IRON MOUNTAIN - Woodticks and other insects are biting early this year.
Phil Pellitteri, distinguished faculty associate for the insect diagnostic lab at the University of Wisconsin-Madison, said ticks woke up early, likely due to the record-breaking temperatures northeastern Wisconsin and the U.P. experienced in February and March.
Record temperatures set in the Iron Mountain area were in the 50s and low 60s in February and the mid 60s, high 70s, and low 80s in March.
Diane Luczak of the Spring Lake Animal Shelter in Iron Mountain applies a flea and tick treatment to Moose, a black lab who is up for adoption at the shelter. Because of the warm weather, ticks are already out in full force.
Theresa Peterson/Daily News Photo
Scott Reuss, agriculture/horticulture agent for the Marinette and Florence County UW-Extension, said wood or dog ticks, and deer ticks, officially called the blacklegged tick, are about four to six weeks early. That shouldn't change how many ticks are in the woods this year, he added.
"The expectation is we will see them earlier, not more of them," he said.
Although the winter weather was not cold and there wasn't as much snow, population dynamics for ticks is unknown.
"They (wood ticks) are always around, but are more active in the spring and summer," Reuss said.
Wood ticks are more active in the spring and early summer.
"The deer tick tends to be active early and then again late," Reuss said. "The deer tick is active in cooler temperatures, and tend to be found in the fall, but can potentially be found year-round."
If there is a cool summer, they could be active throughout the summer months.
Reuss added deer ticks are also so small they are not always visible to humans.
Pellitteri said adult ticks carry Lyme disease at two times the rate as the nymphs.
"But we know more people get the disease from nymphs, which are harder to find and not pulled off as quickly," he said.
Anna Jahns, wildlife technician for the Florence Natural Resources & Interpretive Center, said a tick has three distinct life phases and it kind of needs blood during all of them.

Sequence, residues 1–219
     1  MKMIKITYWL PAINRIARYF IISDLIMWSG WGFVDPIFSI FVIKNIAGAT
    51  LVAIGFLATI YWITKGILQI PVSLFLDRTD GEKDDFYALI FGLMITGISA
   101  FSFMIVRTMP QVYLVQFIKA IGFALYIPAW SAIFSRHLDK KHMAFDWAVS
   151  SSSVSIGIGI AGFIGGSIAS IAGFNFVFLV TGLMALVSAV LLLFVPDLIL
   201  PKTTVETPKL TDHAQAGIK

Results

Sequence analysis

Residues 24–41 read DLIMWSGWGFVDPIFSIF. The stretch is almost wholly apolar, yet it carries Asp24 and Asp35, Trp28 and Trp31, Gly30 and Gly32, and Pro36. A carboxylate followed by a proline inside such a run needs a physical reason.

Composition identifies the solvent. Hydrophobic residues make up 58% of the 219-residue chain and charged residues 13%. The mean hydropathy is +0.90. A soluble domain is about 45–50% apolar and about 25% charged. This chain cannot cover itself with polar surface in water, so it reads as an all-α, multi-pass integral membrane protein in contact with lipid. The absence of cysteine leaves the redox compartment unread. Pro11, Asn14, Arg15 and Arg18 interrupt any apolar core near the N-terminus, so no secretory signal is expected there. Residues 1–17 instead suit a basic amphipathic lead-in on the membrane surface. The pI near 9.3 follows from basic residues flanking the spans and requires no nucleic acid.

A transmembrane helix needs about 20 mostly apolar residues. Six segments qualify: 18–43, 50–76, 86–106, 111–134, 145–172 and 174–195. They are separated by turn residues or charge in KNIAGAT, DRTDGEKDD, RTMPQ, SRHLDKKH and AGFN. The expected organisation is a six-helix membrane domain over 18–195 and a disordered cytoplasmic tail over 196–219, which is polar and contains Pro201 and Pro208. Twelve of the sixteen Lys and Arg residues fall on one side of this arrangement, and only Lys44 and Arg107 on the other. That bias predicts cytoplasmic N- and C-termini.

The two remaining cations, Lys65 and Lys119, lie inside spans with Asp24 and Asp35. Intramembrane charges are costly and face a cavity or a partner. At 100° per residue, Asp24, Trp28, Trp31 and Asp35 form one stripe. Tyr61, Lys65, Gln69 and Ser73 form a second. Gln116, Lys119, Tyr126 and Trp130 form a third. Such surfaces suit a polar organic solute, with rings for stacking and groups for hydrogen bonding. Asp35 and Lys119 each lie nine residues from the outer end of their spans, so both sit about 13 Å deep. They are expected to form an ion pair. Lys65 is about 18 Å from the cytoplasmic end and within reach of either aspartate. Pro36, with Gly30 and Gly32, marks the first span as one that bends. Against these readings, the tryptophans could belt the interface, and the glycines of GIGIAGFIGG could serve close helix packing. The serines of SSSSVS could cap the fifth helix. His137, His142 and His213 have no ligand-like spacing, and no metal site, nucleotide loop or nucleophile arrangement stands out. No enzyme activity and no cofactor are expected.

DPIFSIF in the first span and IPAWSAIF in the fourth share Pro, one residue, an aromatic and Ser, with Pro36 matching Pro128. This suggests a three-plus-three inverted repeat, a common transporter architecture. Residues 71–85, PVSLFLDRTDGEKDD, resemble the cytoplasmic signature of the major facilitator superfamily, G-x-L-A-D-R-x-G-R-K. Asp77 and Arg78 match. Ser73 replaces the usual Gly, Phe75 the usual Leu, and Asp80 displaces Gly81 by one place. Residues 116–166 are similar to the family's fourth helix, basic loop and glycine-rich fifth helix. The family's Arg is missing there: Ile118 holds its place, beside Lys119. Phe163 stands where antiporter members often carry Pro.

"Shortly after they hatch, they need to find blood within a certain time frame, and shed to get to being an adult tick," Jahns said.
Pellitteri said a tick's life cycle is two years.
"A tick sheds from larvae or nymph and molts again from nymph to adult," he said.
"Once a female has fed often enough to form eggs, she lays her eggs and dies."
Insect specialists assume a wood tick's maximum living temperature is between 100 and 105 degrees.
"They have no way of cooling their body," Pellitteri said.
Ticks go dormant when temperatures are too high. They are not as active in the heat of summer.
"We are ridiculously way above for the number of growing days. Insects pay attention to warmth," Reuss said.
Reuss noted he was bit by his first mosquito more than two weeks ago.
"The insects that have a shorter life cycle, we will have to deal with more," Reuss said. "Some of the soft-like species and some mosquito species may have extra generations."
In a warm year, there can be two generations of insects when normally there is one generation.
"If the trend continues this year, in the mid- to late summer there could be an influx of these pests again," Reuss said.
Jahns added, "It got warm early, and they came out."
To avoid ticks, officials at the UW-Extension recommend the following for those going out in the woods:
- Wear light-colored clothing so that ticks can be easily spotted.
- Tuck pant legs into boots and/or sock.
- Use DEET insect repellent or any other insect repellent.
Lyme disease, a bacterial infection, is spread by deer ticks.
"They are out in full force already. Any pet owners need to take precautions and start a treatment regimen," Reuss said.
Ticks should be carefully removed from pets by either using tweezers or fingers protected with a tissue or gloves.
The tick should be pulled off slowly and firmly and disposed of either by flushing it down the toilet or dunked in rubbing alcohol.
The area of a pet where the tick was pulled off should be cleaned with alcohol and antibacterial ointment. If there is a small hole where the tick was, watch for a few days to make sure an infection does not occur.
Lisa M. Hoffmann's e-mail address is firstname.lastname@example.org.